In June (time stamp 23:22), Nature issued a rigorous analysis of the Oumuamu trajectory. Her authors found – with 30 standard deviations of confidence – that the object accelerated as it retreated from the Sun. This was interpreted as evidence that it was a comet, rather than an asteroid (another probable candidate). Comets are generally accelerating in this way, driven by solar-emitted gases that create signature tails.
Several observations, however, contradicted it. (time stamp 25:44). For example, no tail has ever been seen on Oumuamu. It was not a coma (comet is a fuzzy head). There was no sign of water on it, and the comets usually carry water. And "Oumuamu's surface reflectivity was far beyond the bounds of comets.
These and other peculiarities can be explained or justified. But for Loebe, the last straw was a September book written by Roman Rafikov of Cambridge University (time stamp 28:39). He argues that "Oumuamu's centrifugal velocity (which was quite desperate – another peculiarity) remained constant throughout the observation range, while degassing would significantly disrupt the flow.
Loeb came to the conclusion that the degassing could not cause the acceleration of the Oumuamu, he considered alternative forces and settled on what astronomers understood better: the radiation pressure emanating from the sun, but it was much weaker than exhaustion If it were responsible, "Oumuamu would have to be far less than expected by a quarter of kilometers plus miles of rock astronomers. Specifically, Loeb docked him as small as 20 meters in diameter. And here's the pliers – thicker than a millimeter.
Near encounters of any kind or other
No known natural process can cause remote so much thin space. But it sounds terrible like a sunshade. And Loeb spent many long hours modeling the sunscreen physics to help guide Yuri Milner's Breakthrough Starshot project (timestamp 18:55). Yes, the cliché of the hammer-owners of nail nail errors are immediately slipping and Loeb recognizes it (30:07). But hammerers were also known to identify nails exactly.
The most exotic option was confiscated by Loeb's paper (33:55) is that "Oumuamu was on a targeted reconnaissance mission (it does not necessarily separate the Earth, but may ordinarily drive residential areas of the star systems), based on older calculations relative to the relative amount of interstellar objects and other factors.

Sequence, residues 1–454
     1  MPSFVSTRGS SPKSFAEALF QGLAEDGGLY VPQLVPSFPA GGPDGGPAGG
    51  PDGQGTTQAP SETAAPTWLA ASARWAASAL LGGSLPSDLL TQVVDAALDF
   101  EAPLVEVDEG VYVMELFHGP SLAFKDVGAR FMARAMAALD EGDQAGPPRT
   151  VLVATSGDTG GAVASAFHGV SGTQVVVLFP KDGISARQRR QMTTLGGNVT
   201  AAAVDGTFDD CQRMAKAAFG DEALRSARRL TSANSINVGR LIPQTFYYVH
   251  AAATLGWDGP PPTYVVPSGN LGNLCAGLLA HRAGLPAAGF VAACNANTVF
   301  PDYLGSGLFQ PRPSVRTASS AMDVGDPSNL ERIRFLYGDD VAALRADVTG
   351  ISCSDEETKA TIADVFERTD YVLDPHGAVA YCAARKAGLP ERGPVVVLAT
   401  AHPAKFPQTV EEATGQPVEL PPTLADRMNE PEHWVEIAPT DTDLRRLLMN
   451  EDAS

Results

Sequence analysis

Loeb and I then discuss the online archive where he and his co-author, postdoctoral colleague Shmuel Bialy, initially placed their contribution (36:58) and unusual speeds with which Astrophysical Journal both were adopted and published (40:35). Then I present Loeb with the strikes of some of his critics,44:51). This leads to a discussion of Loeb's philosophy about the roles and responsibilities of academic staff.
We close the fascinating prospect that an extensive telescope debut in 2022 could quickly respond to questions that would evade current hardware (56:56). This returns to a number of interstellar objects like Oumuamu. If so scarce as the calculations previously suggested, more powerful new devices will only show a small handful of new ones. But if they are sufficiently common for Oumuamu to not be surprised, the new telescope should quickly find thousands of them.
This argument is too involved to be fully explored here (I am a subcaster, not a journalist). So I invite you to listen to this section. But all this gives Loeb's controversial explanation the date of sale, and this date is only a few years.
Personally, I can not wait for the events to come. Listen to this section and know basic issues like me. Though thin, there is at least little chance that 2022 will bring harshly suggestive evidence that "Oumuamu is an artificial monument, and regardless of the outcome, would not it be nice to follow this story of how it unfolds?
This interview is the latest episode of my After On podcast. If you like, you can find a full archive of your episodes on my site or through your favorite podcast app by searching under "Turn on". The broader series is based on deep interviews with thinkers, founders and world-class scientists and tends to be technically and scientifically difficult.